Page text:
As the world continues to shrink and the global supply chain grows, it’s not enough to invest minimally in your international relationships—it means truly understanding the people and culture you’re working with. These relationships can become a valuable asset to your business, giving you an advantage over competitors.
For companies preparing to manage global relationships, the bar is higher than merely basic knowledge of the language and a calendar of local holidays and festivals. Investing in these relationships requires innovation and curiosity.
Let’s explore five tips that can help you build long-lasting relationships while avoiding obstacles in doing business with different cultures.
1. Familiarize yourself with specific cultural differences
Cultural differences are emphasized at the start of the relationship as trust builds and potential deals are discussed and closed. Knowing how to address these relationships and what trust looks like (and doesn’t look like) is very important.
Here are a few examples:
- In China, business relationships are built on guanxi, a network of contacts and relationships. It’s important to build a sense of rapport and establish your credibility in the area, which is something that can be done by introductions from mutual contacts.
- South American cultures need time for trust to be established, even before business decisions can be made. For individuals from a results-based culture, this might seem like a waste of time, but it is essential for a long-lasting relationship.
- When it comes to the culture in India, allow time for small talk and conversations. Direct communication isn’t the best option as it will often make people feel unnecessary pressure. Learn how to read between the lines of what is being said.
"Cultural differences can have a huge impact when setting up an initial relationship. In the United States, you may be able to do it over the phone. In Asia, it takes face-to-face time, contact and trust.” – Gene Tyndall, Chief Strategy Officer at Tompkins International, Inc.
Respect the cultural differences by taking the time to determine the best course of action and interact with your business counterparts in a way that shows respect.
2. Use references to learn about culture and specific contacts
Another tactic when it comes to learning about the culture is making use of references.
If you’ve gathered references to learn more about the business track record of a factory or supplier, use that as an opportunity to learn how the individuals behind the business operate as well.
Ask the reference questions about their preferred methods of communication, how projects have been executed, and any behavioral nuances that will help you connect and work best with them. This gives you an unbiased opportunity to learn valuable information about their culture and personal preferences that can help as you build the relationship.
3. Remain observative and curious
The next step is to continue being curious. If the relationship with your suppliers and factory owners is important to you, this ongoing learning must be as well.
Be curious! Observe everything in the area and in your interactions. Ask good questions and watch how responses are given. See the local vibe in person, if possible. Go to the region and experience the culture firsthand. Even meet face-to-face with the factory owners (if appropriate) and take time to investigate the local area to get a feel for how people interact.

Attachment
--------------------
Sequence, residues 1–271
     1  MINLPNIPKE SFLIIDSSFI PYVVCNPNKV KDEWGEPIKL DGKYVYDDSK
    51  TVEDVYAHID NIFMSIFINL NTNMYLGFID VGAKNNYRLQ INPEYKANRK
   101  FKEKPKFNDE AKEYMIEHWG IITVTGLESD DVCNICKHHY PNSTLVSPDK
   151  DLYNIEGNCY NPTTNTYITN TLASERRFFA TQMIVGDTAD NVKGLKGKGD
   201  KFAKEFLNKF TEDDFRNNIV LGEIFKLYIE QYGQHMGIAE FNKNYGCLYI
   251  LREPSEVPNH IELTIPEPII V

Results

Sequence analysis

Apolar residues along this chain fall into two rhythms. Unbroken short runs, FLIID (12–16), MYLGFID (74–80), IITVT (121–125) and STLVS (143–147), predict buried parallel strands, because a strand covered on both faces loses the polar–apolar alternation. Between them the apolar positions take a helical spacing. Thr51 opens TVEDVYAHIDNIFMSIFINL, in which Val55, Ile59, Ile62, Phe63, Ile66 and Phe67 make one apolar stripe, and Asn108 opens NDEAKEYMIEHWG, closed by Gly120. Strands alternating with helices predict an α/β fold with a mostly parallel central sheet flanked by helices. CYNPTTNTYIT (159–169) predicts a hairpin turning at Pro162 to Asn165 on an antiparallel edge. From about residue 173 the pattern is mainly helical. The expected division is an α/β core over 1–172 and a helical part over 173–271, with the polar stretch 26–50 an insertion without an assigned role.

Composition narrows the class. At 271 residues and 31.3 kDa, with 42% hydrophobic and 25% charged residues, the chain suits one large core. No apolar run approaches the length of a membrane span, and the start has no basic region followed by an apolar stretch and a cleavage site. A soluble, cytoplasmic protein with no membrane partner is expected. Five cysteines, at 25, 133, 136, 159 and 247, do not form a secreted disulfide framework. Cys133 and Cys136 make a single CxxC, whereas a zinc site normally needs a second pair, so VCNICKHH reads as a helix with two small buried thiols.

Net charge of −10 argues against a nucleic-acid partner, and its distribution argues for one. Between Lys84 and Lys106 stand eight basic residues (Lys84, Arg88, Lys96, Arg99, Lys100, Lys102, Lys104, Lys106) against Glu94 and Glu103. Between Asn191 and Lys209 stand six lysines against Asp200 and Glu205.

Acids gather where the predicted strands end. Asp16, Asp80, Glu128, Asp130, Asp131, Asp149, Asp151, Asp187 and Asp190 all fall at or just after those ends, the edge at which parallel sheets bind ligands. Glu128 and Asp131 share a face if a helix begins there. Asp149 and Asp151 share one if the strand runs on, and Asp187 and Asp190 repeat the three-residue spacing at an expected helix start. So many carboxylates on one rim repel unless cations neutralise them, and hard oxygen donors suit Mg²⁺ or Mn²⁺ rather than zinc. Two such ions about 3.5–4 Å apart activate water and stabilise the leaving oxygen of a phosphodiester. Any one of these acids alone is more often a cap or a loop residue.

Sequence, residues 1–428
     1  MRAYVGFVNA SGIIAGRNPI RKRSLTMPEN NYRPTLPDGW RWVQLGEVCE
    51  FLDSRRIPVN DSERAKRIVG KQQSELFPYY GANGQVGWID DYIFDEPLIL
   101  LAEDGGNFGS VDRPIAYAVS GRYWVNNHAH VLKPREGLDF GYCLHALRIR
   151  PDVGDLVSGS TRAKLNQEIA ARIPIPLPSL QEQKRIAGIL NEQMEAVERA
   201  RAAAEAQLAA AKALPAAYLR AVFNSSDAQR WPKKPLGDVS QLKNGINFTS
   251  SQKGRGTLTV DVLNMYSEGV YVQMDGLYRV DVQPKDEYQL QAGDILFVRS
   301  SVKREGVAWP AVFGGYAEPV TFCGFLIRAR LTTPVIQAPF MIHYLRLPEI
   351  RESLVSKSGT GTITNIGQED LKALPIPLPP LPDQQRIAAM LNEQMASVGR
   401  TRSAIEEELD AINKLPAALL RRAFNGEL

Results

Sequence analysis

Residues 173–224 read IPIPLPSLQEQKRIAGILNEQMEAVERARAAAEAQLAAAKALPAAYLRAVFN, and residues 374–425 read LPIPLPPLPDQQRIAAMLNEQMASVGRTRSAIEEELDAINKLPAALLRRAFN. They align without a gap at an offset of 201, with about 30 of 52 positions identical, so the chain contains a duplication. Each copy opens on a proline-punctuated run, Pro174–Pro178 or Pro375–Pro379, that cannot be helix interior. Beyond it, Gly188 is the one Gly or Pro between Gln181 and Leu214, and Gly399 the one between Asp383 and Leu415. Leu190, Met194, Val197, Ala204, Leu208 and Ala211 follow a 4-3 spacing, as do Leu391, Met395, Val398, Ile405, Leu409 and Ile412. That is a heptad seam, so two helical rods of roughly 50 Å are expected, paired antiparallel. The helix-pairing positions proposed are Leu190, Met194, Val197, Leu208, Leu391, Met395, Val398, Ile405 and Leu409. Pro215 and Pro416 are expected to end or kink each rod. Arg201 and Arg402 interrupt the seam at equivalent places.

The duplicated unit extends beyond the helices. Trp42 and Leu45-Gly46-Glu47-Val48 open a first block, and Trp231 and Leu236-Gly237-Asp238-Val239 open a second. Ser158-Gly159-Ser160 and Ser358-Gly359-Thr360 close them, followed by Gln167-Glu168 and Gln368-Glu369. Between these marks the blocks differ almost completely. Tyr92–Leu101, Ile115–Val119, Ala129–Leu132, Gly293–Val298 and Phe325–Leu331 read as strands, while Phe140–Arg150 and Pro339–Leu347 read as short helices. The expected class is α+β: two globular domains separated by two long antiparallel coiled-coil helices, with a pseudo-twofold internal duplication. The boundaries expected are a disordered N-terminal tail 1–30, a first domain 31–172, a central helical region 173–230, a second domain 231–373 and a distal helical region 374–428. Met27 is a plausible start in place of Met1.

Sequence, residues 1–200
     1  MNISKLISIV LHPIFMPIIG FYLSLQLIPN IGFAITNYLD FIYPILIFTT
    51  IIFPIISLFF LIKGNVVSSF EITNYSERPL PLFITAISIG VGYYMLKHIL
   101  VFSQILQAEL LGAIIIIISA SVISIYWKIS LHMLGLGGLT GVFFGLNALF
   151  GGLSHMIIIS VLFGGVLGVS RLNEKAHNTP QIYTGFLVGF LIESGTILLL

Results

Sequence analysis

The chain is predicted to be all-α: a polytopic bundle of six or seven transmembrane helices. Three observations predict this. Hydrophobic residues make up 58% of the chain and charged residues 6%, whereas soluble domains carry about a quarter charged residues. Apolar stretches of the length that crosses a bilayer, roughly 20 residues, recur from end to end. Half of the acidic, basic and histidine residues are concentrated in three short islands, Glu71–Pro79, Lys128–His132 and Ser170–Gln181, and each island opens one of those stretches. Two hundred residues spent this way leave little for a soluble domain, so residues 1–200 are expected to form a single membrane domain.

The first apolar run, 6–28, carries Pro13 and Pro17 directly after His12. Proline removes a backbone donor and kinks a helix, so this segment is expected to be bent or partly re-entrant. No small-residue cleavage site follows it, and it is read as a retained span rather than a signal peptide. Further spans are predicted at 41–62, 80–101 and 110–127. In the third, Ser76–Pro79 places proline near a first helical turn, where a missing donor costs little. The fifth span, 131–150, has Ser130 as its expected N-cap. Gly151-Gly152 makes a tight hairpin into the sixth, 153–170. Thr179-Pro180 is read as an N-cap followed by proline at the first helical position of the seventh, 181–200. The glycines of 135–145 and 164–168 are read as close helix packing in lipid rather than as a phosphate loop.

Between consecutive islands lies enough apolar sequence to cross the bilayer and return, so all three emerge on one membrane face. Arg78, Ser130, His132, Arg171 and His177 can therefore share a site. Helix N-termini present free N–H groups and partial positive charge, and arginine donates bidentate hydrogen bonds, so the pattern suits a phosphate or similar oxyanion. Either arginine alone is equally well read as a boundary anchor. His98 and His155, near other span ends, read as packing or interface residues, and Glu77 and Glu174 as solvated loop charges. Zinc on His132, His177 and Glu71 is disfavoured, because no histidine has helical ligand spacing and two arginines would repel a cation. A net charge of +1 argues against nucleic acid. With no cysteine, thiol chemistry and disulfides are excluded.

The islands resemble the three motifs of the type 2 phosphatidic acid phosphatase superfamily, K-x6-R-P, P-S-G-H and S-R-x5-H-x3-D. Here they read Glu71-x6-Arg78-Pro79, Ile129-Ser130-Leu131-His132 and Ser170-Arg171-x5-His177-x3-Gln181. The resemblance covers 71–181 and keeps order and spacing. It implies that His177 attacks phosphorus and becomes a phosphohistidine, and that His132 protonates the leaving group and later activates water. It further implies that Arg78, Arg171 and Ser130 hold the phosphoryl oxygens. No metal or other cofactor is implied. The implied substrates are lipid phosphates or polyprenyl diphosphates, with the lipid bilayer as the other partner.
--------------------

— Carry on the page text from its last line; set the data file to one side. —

This curiosity will help you continue learning about your partners and to develop a mutually beneficial relationship.
4. Investigate communication styles, both locally and internationally
Learning about local culture goes beyond the basics of cultural events and broad assessments (even though they can be helpful) of how a region behaves in business circumstances and extends to the nuances of their communication styles.
As Aubrey Blanche
, global head of diversity and belonging at Atlassian said, “The differences between communication styles often cause more agony than they really need to.”
An approach to communication that is helpful comes from best-selling author and leadership coach Mark Murphy. He breaks communication down into four main categories: analytical, intuitive, functional and personal.
, explained on Fast Company, focuses on the information that each style is looking for in the conversation and how to communicate with them.
- Analytical: Communication is largely logical and without emotion. The focus is on data, numbers and detailed information.
- Intuitive: Thrives on big-picture ideas and quick answers. They want a broad overview that stays high-level without a lot of details.
- Functional: It’s all about the process. This communication style focuses on step-by-step guides, the process and plans.
- Personal: This communication style values connection, relationships and emotional language first and foremost. Communication is a chance to get to know people rather than just move a project forward.
Using these styles to learn how your counterparts in other cultures prefer to communicate (whether through observation, asking questions or talking to references) can help as you look to build long-term relationships.
5. Invest in the people
Ultimately it comes down to seeing the relationships behind the business transactions, especially as you look to build and maintain great partnerships with your suppliers and factory owners. Be curious, observe everything and use your resources to take a deeper look at culture, beyond the basics.
Then you will see a transition from learning about the culture to learning from each other.